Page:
If you intend to start with a bachelor degree programme at the University of Groningen in September, make sure to apply before May 1 in Studielink. The degree programme will give you the option to participate in a matching activity to see if you and the degree programme are a match. Which matchings activity they provide depends on the faculty and programme.

Any questions about matching? Check

Admission requirements

Specific requirementsMore information
language test

Minimum requirement of TOEFL iBT 90 (with a minimum of 21 on all items), or IELTS 6.5 (with a minimum of 6 on all items). Language Centre English Test (LCET) level C1 (B2 for no more than two components)

previous education

Dutch VWO diploma, a German Abitur, an International Baccalaureate diploma, a European Baccalaureate or another diploma that is sufficient for acceptance to a Dutch university. Students with a Dutch 'hbo propedeuse' diploma also need to meet the language requirements mentioned above.

Application deadlines

Type of studentDeadlineStart course
Dutch students01 May 202001 September 2020
EU/EEA students01 May 202001 September 2020
non-EU/EEA students01 May 202001 September 2020
Tuition fees
NationalityYearFeeProgramme form
EU/EEA2019-2020€ 2083full-time
non-EU/EEA2019-2020€ 8900full-time

The Dutch government intends to halve the statutory tuition fees for specific groups of first year bachelor's students starting from the 2018/19 academic year.

Practical information for:

After your studies

Job prospects

Journalism and Media
Use your knowledge of U.S. history, culture, and politics to write for international media outlets, or build new platforms for new audiences.

Business and Banking
Your ability to think, write, and speak confidently in English, coupled with your deep knowledge of U.S. economic, cultural and commercial policies and practices, make you an asset to companies seeking to expand into the Dutch, European, and U.S. markets.

Arts and Culture
Your cross-cultural experiences and English skills can serve you well in roles like organizing cultural programs for a museum, guiding visitors for a travel organization, helping international workers integrate into the Netherlands, or launching your own cultural enterprise.

Government and the Public Sector
Your subject-matter expertise in U.S. socio-political affairs and strong English skills transfer readily to positions in local, national, and international governance. Consider working for an embassy, local or national government office, or NGO.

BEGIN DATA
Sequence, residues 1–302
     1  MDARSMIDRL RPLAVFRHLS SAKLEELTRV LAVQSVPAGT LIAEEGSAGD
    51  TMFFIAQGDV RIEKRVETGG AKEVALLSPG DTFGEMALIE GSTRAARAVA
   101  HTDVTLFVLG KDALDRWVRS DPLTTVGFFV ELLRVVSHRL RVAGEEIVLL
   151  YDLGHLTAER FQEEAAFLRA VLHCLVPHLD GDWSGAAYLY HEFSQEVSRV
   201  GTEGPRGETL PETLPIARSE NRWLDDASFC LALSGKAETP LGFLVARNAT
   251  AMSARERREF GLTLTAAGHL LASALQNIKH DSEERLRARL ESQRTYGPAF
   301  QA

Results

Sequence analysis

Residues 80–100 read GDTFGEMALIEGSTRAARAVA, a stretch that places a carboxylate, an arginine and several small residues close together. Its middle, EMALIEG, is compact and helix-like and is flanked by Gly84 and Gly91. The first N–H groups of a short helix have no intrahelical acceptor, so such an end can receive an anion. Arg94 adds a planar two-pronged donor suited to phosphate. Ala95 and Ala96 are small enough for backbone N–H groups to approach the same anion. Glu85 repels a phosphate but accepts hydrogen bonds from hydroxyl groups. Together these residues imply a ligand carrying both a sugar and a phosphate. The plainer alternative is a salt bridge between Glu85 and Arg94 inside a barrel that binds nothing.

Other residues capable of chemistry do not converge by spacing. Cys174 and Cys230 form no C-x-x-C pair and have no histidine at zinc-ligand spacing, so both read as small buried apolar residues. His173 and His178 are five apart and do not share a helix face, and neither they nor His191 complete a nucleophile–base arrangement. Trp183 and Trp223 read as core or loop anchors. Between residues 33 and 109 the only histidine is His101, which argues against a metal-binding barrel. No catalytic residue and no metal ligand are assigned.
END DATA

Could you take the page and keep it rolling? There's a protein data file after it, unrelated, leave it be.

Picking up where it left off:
Communications and Public Relations
American Studies teaches you how to analyze difficult problems and craft a message that will speak to your audience--that’s what the fields of Communication and Public Relations are all about. Our graduates work in communications roles for businesses, governments, and non- profit organizations.

Management Consulting and Human Resources
Put your strong analytical, communication, and writing skills to use helping businesses and organizations assess internal challenges and manage change constructively.

Job examples

  • Editorial staff for TV at EenVandaag
  • Municipality Spokesperson
  • Communications Advisor Digital & Public Diplomacy at the Dutch Ministry of Foreign Affairs
  • Adviser at European and Regional Affairs
  • Free-lance journalist for BBC
  • Policy Advisor for Art and Culture for local government
  • Creative Director at VidMedia (corporate films) City Council Member
  • Policy Researcher at Dutch Ministry of Foreign Affairs

Research Approach and Themes

The research carried out by the Department of American Studies, by and large, mirrors the main concentrations in our educational agenda. At the heart of our research efforts, and hence of our curriculum, are three separate themes:

  • Early American culture and history
  • Contemporary socio-political issues
  • Popular culture and media studies

Given the nature of American Studies, the key distinguishing feature of our research as well as in our teaching is that it is truly interdisciplinary in approach in which the individual researchers actively work across different disciplines and methodologies as opposed to, for example, research on American topics carried out in the History Department, which would generally reflect historical approaches only.

The same is true for our teaching agenda: individual teachers are required to be versatile in more than one discipline as all major survey courses combine a range of disciplinary areas, approaches, methodologies, and data sets. Aligned with our teaching practices, our research is generally problem-driven as well as theory-driven. That is to say, we explore specific issues that are controversial, contested, or under-investigated, and then seek to resolve these issues through the generalization of our findings, incorporating elements associated with both the structure and the process of the phenomena we study. Among the themes we are currently exploring are: